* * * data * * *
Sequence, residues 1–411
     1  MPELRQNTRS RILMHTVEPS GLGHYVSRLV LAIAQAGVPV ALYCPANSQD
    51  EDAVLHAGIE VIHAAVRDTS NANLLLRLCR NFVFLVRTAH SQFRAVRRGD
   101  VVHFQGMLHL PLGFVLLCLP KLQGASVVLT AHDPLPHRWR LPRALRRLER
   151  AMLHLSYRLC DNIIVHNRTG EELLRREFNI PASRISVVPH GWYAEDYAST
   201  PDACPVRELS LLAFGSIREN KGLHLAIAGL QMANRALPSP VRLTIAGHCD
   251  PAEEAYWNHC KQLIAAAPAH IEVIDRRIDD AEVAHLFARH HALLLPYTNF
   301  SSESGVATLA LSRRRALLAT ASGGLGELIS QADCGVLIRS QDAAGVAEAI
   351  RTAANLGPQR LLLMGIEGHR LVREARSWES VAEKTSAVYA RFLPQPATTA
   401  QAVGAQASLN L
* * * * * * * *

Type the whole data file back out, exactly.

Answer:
Sequence, residues 1–411
     1  MPELRQNTRS RILMHTVEPS GLGHYVSRLV LAIAQAGVPV ALYCPANSQD
    51  EDAVLHAGIE VIHAAVRDTS NANLLLRLCR NFVFLVRTAH SQFRAVRRGD
   101  VVHFQGMLHL PLGFVLLCLP KLQGASVVLT AHDPLPHRWR LPRALRRLER
   151  AMLHLSYRLC DNIIVHNRTG EELLRREFNI PASRISVVPH GWYAEDYAST
   201  PDACPVRELS LLAFGSIREN KGLHLAIAGL QMANRALPSP VRLTIAGHCD
   251  PAEEAYWNHC KQLIAAAPAH IEVIDRRIDD AEVAHLFARH HALLLPYTNF
   301  SSESGVATLA LSRRRALLAT ASGGLGELIS QADCGVLIRS QDAAGVAEAI
   351  RTAANLGPQR LLLMGIEGHR LVREARSWES VAEKTSAVYA RFLPQPATTA
   401  QAVGAQASLN L